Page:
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College Point residents gear up to sue the city over proposed homeless shelter

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The fight against a proposed College Point homeless shelter is heating up as residents gear up to sue the city.

Hundreds of residents from College Point and neighboring areas including Whitestone, Flushing and Bayside gathered for a protest on Dec. 2 in front of the planned shelter at 127-03 20th Ave.

The rally was co-organized by Dany Chen, founder of the College Point Residents Coalition (CPRC), committee member Jennifer Shannon and area residents Rex Lam, Elizabeth Cuccia and Kathleen Shannon.

“There is no hospital here. There’s five schools around here. How could we let this thing happen?” Chen asked the crowd.

Councilman Paul Vallone, who has been vocal with his opposition to the shelter, said that the building’s owners were not transparent about their intentions when filing the property permits. The councilman said that the original permits from the Brooklyn-based owners of Liberty One Group, stated that the property was going to be “an office and furniture store.”

“They lied to us deliberately,” said Vallone. “David Levitan and Steve Berger sold out College Point for $12 million, $2,000 per homeless man. This isn’t about being about being a good humanitarian; this is about profit. They said it in the New York Times: ‘This is good business. This is good profit.’ Not here in College Point. We will fight every day every way we can to make sure this shelter does not open.”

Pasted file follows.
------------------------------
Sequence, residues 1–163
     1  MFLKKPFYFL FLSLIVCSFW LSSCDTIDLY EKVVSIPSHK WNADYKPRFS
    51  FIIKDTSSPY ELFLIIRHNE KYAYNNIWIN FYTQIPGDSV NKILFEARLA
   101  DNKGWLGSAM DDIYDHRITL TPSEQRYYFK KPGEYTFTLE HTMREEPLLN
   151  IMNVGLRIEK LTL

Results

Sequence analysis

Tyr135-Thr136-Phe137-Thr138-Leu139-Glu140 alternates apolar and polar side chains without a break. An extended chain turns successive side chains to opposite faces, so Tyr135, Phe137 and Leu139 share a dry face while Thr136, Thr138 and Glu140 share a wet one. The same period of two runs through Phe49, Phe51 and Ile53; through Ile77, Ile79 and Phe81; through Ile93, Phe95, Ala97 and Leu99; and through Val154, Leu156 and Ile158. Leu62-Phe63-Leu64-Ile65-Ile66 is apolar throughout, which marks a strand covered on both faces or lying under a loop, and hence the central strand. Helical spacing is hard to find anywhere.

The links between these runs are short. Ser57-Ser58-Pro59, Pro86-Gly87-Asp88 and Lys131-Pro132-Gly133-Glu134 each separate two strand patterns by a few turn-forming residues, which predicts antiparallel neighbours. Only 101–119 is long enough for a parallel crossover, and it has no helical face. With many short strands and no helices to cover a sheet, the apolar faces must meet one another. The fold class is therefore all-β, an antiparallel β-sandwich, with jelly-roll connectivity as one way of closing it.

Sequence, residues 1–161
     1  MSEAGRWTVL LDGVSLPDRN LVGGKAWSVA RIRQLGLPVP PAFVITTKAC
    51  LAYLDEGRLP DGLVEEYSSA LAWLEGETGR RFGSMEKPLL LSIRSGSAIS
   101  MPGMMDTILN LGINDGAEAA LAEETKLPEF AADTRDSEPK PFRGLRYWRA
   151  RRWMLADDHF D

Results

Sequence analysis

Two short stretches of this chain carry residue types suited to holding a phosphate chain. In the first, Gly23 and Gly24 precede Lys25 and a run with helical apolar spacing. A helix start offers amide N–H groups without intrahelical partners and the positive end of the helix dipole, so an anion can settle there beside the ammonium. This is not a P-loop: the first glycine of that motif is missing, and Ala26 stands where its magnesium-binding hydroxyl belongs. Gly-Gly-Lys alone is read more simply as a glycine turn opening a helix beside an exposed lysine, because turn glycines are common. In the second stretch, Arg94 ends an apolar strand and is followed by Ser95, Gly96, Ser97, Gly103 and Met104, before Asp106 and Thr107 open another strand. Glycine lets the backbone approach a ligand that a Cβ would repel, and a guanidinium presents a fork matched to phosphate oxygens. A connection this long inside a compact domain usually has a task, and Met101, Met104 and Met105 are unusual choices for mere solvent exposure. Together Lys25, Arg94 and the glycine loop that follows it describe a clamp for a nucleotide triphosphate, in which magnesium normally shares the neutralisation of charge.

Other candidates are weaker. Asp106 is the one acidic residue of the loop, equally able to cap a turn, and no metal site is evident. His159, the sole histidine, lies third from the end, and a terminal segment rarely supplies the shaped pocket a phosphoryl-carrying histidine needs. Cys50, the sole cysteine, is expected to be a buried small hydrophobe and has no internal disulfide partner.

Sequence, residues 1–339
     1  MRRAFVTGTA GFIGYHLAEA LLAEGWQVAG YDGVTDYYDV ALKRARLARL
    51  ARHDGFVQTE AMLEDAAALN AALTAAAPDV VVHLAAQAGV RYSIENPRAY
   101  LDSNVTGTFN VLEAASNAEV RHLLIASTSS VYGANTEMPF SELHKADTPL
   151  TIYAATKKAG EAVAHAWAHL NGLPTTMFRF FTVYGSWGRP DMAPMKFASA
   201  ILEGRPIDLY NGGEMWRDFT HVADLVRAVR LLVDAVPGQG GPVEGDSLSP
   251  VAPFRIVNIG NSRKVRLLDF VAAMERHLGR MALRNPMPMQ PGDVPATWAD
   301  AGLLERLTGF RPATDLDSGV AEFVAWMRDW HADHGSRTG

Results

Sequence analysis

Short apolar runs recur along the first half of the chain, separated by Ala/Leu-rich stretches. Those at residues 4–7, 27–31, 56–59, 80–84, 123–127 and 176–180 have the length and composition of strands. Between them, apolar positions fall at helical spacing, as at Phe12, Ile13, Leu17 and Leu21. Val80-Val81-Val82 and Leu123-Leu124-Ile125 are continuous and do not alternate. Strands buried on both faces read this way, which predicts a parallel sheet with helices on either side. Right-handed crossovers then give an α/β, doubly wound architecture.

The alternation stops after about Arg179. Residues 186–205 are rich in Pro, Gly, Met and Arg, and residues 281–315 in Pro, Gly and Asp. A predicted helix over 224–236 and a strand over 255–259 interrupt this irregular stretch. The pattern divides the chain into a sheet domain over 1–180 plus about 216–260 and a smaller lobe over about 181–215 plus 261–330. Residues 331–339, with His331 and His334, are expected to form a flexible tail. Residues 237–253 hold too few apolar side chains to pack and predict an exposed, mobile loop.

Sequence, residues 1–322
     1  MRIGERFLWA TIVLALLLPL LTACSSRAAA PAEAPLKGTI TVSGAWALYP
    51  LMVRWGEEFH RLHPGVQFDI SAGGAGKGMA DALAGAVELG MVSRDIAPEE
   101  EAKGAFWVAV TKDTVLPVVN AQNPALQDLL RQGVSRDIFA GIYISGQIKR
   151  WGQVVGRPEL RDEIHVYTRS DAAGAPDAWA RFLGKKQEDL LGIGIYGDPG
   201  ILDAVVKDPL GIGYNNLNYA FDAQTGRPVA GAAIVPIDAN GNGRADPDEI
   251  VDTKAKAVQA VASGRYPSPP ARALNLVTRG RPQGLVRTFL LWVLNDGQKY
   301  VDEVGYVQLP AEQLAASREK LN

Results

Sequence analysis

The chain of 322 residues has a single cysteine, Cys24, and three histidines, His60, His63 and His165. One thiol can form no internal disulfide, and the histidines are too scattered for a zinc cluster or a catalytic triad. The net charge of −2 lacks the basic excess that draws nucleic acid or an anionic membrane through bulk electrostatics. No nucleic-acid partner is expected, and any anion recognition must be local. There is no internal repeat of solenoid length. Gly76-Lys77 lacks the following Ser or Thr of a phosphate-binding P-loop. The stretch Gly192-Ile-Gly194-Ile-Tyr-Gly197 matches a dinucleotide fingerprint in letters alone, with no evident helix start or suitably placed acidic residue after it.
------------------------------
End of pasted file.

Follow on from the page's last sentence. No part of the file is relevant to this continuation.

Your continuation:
Shannon urged those in attendance to donate money that would go toward taking legal action against the city.

“College Point, Whitestone, Bayside, whoever wants to get in with us, we are suing New York City. In order to sue New York City, we need money and I assure you the city’s not giving it to us. We need donations. We need you,” she said.

Shannon told attendees that the College Point Residents Coalition would be accepting checks and cash and that there would be “full transparency” about what the money would go toward, including the $10,000 retainer for a lawyer.

She addressed the criticism from those who have called College Point residents “heartless” for protesting the shelter and added that the community “actively” takes care of their homeless population.

“We feed them. Some of them have come into our homes. We have found them shelter. We take care of them. We have begged them to stay in places where they would be safe and warm,” Shannon said. “Don’t tell us we don’t care because we do. So for all of you out there saying we don’t care: you don’t know us, don’t judge us.”

Residents from neighboring areas like Whitestone came out to protest in solidarity, including Alfredo Centola, the president of the We Love Whitestone Civic Association.

“It’s all about profit. They don’t give a rat’s rear-end about homeless people because if they did, they would take the 26 acres in Willets Point, they would develop real affordable housing, they would develop real shelters,” Centola said. “They would develop [in] a community that could handle it.”

According to Vallone, there is an upcoming town hall meeting concerning the shelter on Monday, Dec. 17, at 7 p.m. at P.S. 29, located at 125-10 23rd Ave.

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